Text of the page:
This story has been disputed by Sequoyah in Oklahoma.
It seems the doctor quoted in countless articles claiming that ERs are backed up because people were overdosing on ivermectin may be inaccurate, so I’ve deleted my tweet to be safe. See the statement issued by Northeastern Health System - Sequoyah below. pic.twitter.com/4lnyQ0rLQw
— No Lie with Brian Tyler Cohen (@NoLieWithBTC) September 5, 2021
UPDATE 2: Counterpoint
For everyone posting NORTHEASTERN’S statement. How about you start by actually reading just one single paragraph from the article. Here, I’ll make it easy for you. The one in the middle starting with Dr. McElyea. 🤦♀️ pic.twitter.com/GIrXSDf9kv
— Destiny_Not_Included (@DestinysOrphan) September 5, 2021
This would be funnier if it weren't so stupid. People getting sick, losing their vision, and all the rest of it.
SOUTHEASTERN OKLAHOMA, Okla. (KFOR) – A rural Oklahoma doctor said patients who are taking the horse de-wormer medication, ivermectin, to fight COVID-19 are causing emergency room and ambulance backups.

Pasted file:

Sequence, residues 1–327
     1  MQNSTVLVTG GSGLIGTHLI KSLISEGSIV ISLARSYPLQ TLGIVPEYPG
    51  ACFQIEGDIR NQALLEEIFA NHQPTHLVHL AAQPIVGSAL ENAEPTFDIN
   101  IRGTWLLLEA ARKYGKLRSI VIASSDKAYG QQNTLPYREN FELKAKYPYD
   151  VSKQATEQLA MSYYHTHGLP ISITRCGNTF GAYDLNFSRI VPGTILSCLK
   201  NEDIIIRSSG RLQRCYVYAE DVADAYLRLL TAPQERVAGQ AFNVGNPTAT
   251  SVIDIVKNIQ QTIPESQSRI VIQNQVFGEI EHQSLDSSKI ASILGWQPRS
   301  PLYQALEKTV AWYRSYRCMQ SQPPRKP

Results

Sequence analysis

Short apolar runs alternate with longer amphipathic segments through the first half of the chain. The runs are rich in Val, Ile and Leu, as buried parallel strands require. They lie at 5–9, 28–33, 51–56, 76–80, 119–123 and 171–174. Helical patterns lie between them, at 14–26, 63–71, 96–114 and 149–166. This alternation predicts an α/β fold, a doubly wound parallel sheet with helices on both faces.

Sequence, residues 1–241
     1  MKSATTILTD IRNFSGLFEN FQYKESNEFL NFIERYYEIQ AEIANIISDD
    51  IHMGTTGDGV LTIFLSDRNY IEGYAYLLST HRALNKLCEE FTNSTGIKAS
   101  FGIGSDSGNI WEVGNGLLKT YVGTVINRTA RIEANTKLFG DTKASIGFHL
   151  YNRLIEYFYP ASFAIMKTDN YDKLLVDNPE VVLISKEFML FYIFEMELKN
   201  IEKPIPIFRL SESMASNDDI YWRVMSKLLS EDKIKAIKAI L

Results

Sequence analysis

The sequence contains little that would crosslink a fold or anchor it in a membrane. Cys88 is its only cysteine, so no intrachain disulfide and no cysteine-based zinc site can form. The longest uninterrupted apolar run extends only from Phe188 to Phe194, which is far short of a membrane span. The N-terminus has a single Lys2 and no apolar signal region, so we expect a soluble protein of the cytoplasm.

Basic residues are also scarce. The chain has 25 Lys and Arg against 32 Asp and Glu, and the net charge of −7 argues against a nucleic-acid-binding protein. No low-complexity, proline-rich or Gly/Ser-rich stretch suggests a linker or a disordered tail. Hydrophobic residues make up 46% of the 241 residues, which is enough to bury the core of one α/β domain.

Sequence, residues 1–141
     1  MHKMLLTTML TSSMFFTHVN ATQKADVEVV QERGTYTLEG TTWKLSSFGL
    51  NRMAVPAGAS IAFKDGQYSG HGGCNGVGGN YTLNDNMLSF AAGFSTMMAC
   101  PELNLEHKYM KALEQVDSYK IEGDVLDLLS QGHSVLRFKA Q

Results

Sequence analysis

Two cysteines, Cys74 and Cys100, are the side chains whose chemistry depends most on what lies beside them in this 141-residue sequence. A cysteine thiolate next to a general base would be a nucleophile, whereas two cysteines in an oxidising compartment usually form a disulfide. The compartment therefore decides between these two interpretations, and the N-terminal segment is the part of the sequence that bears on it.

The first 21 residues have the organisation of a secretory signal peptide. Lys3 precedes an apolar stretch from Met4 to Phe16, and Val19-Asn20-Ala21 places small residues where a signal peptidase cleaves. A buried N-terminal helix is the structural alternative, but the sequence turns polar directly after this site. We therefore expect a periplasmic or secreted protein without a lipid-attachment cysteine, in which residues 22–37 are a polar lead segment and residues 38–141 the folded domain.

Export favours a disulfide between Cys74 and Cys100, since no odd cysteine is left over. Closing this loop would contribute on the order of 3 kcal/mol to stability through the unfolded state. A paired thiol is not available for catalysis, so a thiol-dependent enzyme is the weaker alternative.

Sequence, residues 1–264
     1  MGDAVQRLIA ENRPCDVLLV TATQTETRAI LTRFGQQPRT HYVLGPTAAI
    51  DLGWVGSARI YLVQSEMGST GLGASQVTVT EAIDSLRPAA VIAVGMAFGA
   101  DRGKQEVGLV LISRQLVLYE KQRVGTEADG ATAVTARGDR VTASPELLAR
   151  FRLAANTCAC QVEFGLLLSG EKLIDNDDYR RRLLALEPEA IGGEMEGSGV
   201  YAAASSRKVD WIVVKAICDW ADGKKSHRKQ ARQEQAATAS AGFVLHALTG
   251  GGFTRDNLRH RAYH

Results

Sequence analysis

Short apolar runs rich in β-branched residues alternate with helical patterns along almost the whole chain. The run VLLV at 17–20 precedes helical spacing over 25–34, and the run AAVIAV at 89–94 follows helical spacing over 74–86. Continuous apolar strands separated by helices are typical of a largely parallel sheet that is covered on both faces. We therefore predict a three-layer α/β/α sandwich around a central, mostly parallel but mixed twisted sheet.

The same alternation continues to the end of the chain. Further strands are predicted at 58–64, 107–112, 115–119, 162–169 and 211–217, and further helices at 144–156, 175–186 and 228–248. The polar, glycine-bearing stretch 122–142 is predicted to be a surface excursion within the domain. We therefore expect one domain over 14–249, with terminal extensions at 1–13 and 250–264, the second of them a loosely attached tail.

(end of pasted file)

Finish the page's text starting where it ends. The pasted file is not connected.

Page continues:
“There’s a reason you have to have a doctor to get a prescription for this stuff, because it can be dangerous,” said Dr. Jason McElyea.
Dr. McElyea said patients are packing his eastern and southeastern Oklahoma hospitals after taking ivermectin doses meant for a full-sized horse, because they believed false claims the horse de-wormer could fight COVID-19.
“The ERs are so backed up that gunshot victims were having hard times getting to facilities where they can get definitive care and be treated,” he said.
"Patients overdosing on ivermectin backing up rural Oklahoma hospitals, ambulances"
"'The scariest one I’ve heard of and seen is people coming in with vision loss,' he said."https://t.co/P909GtxBQZ
— Rachel Maddow MSNBC (@maddow) September 2, 2021